Inspektor Gadget is deployed to each node as a privileged DaemonSet. It uses in-kernel BPF helper programs to monitor events mainly related to syscalls from userspace programs in a pod. The BPF programs are run by the kernel and gather the log data. Inspektor Gadget’s userspace utilities fetch the log data from ring buffers and display it. What BPF programs are and how Inspektor Gadget uses them is briefly explained here.
The Linux kernel has an inbuilt virtual machine for BPF bytecode, allowing userspace to run small scripts in kernel space with limited impact (actually it is called eBPF to distinguish it from the historical BPF). The BPF programs are supplied by userspace in a binary format. The kernel then verifies the program through static analysis, so that no memory corruption can happen and no out of bounds access can leak sensitive data. In BPF no loops are allowed and the maximum number of instructions is limited, so that a BPF program with logical bugs can not hang up the kernel. Read more on BPF here and here .
To trace pods, Inspektor Gadget attaches BPF programs to kernel functions and the kernel will run them always when the functions are executed. Therefore, the BPF programs need to detect if the syscall that triggered the function comes from a pod that Inspektor Gadget should trace. To do that the program looks up the current cgroup id in a BPF map containing the list of pods to trace, if it’s not found the program exits early. Finally, the BPF program gathers the information to trace, e.g., syscall parameters, and writes them to a ring buffer or BPF map. Inspektor Gadget’s userspace utility listens or reads on this ring buffer or BPF map and fetches new events. If the tracing ends, the BPF program is removed again.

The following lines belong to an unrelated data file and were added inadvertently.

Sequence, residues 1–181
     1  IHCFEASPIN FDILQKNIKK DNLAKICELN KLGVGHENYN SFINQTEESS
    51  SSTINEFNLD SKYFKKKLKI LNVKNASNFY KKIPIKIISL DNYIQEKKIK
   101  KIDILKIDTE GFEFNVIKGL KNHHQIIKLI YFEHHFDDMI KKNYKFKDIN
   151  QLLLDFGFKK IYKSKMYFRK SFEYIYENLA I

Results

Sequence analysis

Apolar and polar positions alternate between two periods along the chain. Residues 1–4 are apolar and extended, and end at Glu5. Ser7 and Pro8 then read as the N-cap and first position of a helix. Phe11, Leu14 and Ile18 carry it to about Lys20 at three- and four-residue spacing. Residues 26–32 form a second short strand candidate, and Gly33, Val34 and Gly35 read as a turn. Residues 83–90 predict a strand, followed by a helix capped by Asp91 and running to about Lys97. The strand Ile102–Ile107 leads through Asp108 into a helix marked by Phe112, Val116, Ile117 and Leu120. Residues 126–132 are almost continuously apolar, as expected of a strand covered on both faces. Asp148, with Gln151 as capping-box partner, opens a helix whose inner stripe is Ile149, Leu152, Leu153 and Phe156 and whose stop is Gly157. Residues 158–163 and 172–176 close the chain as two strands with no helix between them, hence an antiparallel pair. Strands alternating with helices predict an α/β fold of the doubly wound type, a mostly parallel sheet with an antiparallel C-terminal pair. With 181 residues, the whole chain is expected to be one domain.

Gadget Tracer Manager keeps a list of running gadgets and containers.
Each running gadget has an associated BPF map that is filled with the cgroup
ids of the containers to be traced according to the namespace, labels, pod name,
etc. parameters passed to the gadget.
Gadget Tracer Manager also exposes a gRPC interface that is called each
time a container is created or destroyed by the OCI PreStart and PostStop hooks.
It updates the corresponding BPF maps of each gadget if the container satisfies
the matching criteria.
Sometimes it is useful to run a BPF program always in the background. It can trace everything and save it into different ringbuffers per pod. The userspace utility can then accesses a ring buffer retrospectively only if needed for introspection or errors. This is currently done for traceloop (not present in bcc), which uses an overwriteable ring buffer to only log a small amount of recent events. It uses a service per each node which provides a Unix Domain Socket accepting HTTP requests to list the available traces and to dump them (this stops tracing even if the pod did not already crash).